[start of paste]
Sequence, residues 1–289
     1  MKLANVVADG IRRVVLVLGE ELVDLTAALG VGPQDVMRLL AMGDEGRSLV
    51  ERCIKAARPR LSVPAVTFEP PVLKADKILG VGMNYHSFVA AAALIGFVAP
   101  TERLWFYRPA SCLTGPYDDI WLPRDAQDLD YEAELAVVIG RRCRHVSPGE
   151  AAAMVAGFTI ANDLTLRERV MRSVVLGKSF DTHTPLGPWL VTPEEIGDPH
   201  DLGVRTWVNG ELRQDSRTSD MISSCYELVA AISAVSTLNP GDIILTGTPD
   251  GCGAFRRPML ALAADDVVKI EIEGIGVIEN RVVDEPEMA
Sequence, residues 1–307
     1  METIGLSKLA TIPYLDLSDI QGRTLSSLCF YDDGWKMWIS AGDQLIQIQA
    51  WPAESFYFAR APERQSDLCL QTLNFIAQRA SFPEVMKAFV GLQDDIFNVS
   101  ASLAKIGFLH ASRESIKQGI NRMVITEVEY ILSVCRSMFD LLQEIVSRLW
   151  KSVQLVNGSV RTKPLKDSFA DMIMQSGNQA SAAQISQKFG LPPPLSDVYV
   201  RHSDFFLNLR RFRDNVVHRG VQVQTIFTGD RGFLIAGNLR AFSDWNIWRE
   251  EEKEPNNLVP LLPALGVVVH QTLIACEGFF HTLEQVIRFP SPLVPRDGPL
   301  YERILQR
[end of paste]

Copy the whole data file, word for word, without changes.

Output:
Sequence, residues 1–289
     1  MKLANVVADG IRRVVLVLGE ELVDLTAALG VGPQDVMRLL AMGDEGRSLV
    51  ERCIKAARPR LSVPAVTFEP PVLKADKILG VGMNYHSFVA AAALIGFVAP
   101  TERLWFYRPA SCLTGPYDDI WLPRDAQDLD YEAELAVVIG RRCRHVSPGE
   151  AAAMVAGFTI ANDLTLRERV MRSVVLGKSF DTHTPLGPWL VTPEEIGDPH
   201  DLGVRTWVNG ELRQDSRTSD MISSCYELVA AISAVSTLNP GDIILTGTPD
   251  GCGAFRRPML ALAADDVVKI EIEGIGVIEN RVVDEPEMA
Sequence, residues 1–307
     1  METIGLSKLA TIPYLDLSDI QGRTLSSLCF YDDGWKMWIS AGDQLIQIQA
    51  WPAESFYFAR APERQSDLCL QTLNFIAQRA SFPEVMKAFV GLQDDIFNVS
   101  ASLAKIGFLH ASRESIKQGI NRMVITEVEY ILSVCRSMFD LLQEIVSRLW
   151  KSVQLVNGSV RTKPLKDSFA DMIMQSGNQA SAAQISQKFG LPPPLSDVYV
   201  RHSDFFLNLR RFRDNVVHRG VQVQTIFTGD RGFLIAGNLR AFSDWNIWRE
   251  EEKEPNNLVP LLPALGVVVH QTLIACEGFF HTLEQVIRFP SPLVPRDGPL
   301  YERILQR